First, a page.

“I don’t worry. I just do my job,” Johnson said Friday. “I’m going to do the right thing and let the chips fall where they may.”

And the speaker was unable to bring a tough border bill to the floor under a rule because hard-liners wouldn’t support it if it wasn’t lashed to the Ukraine package. Instead, the chamber will vote on it under suspension of the rules, likely falling short of the two-thirds majority needed for passage on Saturday.

Recess, interrupted

Meanwhile, passage of the aid package Saturday is likely to require the Senate to give up much of its planned Passover recess next week to clear the measure quickly for President Joe Biden, who has promised to sign it.

Under the rule, the four pieces of the package will be stitched together and sent to the Senate as an amendment to that chamber’s foreign aid supplemental, which passed in February. This maneuver will allow the Senate to skip one big procedural vote — cloture on the motion to proceed — cutting down on days of floor time. Still, senators may be in for extended debate next week given several Republicans’ opposition to delivering more aid to Ukraine.

The aid bills for Ukraine, Israel and the Indo-Pacific region largely mirror the Senate package that will serve as the vehicle, with $60.8 billion for the Ukraine war effort and nearly $26.4 billion in military aid to Israel and humanitarian assistance for Gaza and other war-torn areas.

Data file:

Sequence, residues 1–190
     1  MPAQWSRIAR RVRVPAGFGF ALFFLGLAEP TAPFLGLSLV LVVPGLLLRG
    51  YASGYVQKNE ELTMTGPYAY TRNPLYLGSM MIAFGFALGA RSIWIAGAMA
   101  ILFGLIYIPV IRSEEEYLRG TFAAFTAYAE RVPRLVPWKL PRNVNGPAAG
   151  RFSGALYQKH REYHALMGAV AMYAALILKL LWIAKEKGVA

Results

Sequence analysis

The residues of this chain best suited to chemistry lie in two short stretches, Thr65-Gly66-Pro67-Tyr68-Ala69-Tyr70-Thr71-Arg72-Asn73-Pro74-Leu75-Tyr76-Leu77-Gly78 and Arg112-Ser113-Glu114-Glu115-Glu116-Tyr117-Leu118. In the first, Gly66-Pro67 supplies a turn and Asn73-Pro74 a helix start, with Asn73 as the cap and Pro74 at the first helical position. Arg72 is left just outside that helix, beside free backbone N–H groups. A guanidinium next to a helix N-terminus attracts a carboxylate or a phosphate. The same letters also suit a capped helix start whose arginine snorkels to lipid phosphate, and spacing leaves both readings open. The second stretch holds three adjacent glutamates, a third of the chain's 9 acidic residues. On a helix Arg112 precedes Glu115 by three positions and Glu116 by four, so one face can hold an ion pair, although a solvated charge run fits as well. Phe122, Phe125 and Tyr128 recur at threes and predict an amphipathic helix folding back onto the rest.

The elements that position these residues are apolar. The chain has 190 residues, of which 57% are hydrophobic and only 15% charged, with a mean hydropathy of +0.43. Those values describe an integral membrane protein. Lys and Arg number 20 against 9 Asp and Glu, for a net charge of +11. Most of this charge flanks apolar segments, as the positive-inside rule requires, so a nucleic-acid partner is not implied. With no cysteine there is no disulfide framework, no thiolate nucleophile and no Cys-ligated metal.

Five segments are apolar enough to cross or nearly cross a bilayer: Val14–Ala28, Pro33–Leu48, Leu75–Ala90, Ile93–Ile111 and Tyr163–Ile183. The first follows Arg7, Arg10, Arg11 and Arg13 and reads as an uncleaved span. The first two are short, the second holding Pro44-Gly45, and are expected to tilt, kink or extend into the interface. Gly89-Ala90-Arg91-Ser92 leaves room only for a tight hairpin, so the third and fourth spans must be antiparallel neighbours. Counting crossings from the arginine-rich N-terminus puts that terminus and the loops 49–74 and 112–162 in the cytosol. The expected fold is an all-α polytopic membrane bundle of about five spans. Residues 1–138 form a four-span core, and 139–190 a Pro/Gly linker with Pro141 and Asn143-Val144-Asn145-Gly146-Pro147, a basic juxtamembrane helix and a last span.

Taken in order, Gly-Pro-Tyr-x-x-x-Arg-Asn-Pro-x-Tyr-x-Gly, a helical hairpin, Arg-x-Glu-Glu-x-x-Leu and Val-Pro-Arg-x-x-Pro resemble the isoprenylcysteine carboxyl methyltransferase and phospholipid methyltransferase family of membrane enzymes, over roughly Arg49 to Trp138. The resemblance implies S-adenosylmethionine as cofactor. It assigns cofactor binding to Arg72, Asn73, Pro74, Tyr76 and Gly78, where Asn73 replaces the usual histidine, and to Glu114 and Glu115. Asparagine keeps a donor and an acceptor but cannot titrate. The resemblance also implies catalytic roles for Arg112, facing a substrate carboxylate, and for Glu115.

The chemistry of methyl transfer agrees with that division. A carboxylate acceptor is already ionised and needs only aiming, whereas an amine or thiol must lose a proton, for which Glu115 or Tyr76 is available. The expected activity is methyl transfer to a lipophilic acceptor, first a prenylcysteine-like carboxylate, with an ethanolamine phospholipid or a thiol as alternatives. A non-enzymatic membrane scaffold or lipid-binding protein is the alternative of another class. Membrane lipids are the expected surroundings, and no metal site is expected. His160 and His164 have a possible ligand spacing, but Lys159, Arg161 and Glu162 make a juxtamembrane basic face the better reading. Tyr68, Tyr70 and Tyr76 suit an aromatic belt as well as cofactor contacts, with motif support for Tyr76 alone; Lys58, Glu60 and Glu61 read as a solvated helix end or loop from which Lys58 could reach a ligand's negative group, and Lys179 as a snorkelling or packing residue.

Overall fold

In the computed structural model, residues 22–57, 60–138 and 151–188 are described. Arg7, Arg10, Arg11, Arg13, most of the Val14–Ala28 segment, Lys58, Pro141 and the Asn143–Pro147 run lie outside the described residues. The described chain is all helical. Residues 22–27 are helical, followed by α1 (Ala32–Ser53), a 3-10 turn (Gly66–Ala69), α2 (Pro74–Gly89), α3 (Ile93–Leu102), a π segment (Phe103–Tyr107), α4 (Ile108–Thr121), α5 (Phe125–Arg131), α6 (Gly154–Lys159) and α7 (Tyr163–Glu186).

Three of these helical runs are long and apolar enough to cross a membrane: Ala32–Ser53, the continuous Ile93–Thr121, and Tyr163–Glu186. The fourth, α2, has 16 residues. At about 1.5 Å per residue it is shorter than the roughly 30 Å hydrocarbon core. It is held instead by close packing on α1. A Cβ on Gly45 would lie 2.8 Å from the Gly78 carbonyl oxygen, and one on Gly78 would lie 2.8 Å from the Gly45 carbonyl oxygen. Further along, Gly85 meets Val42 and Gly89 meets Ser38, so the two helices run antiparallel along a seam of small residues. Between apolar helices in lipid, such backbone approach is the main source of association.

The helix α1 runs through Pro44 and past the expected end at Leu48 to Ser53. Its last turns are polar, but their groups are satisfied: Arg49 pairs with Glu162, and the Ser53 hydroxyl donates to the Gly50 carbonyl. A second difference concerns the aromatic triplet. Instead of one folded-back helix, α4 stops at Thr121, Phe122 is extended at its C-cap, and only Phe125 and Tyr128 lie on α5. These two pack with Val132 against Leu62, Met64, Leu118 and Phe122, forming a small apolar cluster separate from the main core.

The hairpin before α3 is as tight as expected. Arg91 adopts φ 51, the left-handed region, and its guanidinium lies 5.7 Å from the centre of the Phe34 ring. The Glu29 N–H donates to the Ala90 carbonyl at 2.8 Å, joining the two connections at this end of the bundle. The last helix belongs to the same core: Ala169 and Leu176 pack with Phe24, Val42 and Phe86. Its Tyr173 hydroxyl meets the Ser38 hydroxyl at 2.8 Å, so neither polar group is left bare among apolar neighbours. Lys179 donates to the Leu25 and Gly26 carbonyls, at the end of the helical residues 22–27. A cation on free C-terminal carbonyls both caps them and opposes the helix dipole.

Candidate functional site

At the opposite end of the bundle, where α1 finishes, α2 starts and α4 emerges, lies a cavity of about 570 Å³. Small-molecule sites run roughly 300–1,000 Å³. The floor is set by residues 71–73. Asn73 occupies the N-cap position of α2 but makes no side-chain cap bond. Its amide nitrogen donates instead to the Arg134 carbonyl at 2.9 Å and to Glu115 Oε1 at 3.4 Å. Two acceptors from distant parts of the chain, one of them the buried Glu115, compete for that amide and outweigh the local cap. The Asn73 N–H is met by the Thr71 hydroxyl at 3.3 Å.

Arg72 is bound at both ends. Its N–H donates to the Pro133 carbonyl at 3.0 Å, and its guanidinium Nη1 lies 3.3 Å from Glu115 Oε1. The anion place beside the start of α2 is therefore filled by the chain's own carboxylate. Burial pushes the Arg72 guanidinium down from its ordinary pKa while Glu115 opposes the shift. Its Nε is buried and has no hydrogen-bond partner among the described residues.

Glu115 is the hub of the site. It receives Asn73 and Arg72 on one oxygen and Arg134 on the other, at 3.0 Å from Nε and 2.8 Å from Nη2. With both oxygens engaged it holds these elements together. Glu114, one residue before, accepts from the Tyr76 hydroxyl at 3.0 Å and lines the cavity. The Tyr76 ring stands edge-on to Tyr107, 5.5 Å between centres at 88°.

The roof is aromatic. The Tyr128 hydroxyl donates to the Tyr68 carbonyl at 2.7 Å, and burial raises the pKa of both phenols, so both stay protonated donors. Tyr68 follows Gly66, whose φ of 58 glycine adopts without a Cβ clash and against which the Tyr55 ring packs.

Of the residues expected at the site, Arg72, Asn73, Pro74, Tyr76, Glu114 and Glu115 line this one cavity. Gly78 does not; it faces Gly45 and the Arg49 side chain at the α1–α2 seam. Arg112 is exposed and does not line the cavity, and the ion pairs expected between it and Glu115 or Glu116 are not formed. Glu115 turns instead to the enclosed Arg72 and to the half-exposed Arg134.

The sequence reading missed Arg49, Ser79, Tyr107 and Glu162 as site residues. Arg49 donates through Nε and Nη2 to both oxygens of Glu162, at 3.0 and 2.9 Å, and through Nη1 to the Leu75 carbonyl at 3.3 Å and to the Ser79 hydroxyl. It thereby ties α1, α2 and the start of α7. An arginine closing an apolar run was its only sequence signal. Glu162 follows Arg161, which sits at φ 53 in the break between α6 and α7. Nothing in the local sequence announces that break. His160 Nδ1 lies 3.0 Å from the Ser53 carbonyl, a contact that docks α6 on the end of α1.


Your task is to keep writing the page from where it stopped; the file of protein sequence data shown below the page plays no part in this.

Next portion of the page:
The Indo-Pacific bill, totaling $8.1 billion, would provide nearly $4 billion in security assistance to Taiwan and other regional allies along with money to replenish depleted U.S. stocks, $3.3 billion for submarine infrastructure and more.

But unlike the Senate-passed version, roughly $9.5 billion in economic aid to Ukraine would be structured as a loan, with repayment terms set by the president.

A fourth bill tacked onto the package would impose sanctions on Russia and Iran, on multinational criminal organizations for fentanyl trafficking, Iranian petroleum and missiles, among other matters. The legislation also targets the social media platform TikTok, and would give Chinese owner ByteDance Ltd. up to a year to divest the app.

The new House Rules chairman, Rep. Michael C. Burgess, R-Texas, said the aid package makes significant improvements to a Senate-passed measure by including provisions such as allowing for the seizure of frozen Russian assets to help pay for Ukraine assistance.

“Weakness invites aggression,” Burgess said. “And we cannot allow our allies in the Indo-Pacific, Israel and Ukraine to be abandoned.”

The rule allows the House to consider seven amendments to the package, including one by Greene that would eliminate all funding in the $60.8 billion Ukraine bill.

Other amendments that will be considered include one to prevent any of the $7.9 billion in direct economic aid to Ukraine from being used to pay the pensions or salaries of Ukrainian government officials, and another to eliminate all of the nonmilitary funding in the Ukraine package.

“The world is watching what the Congress does,” the Biden administration said in a statement Friday urging support for the package. “Passing this legislation would send a powerful message about the strength of American leadership at a pivotal moment.”

Paul M. Krawzak and Briana Reilly contributed to this report.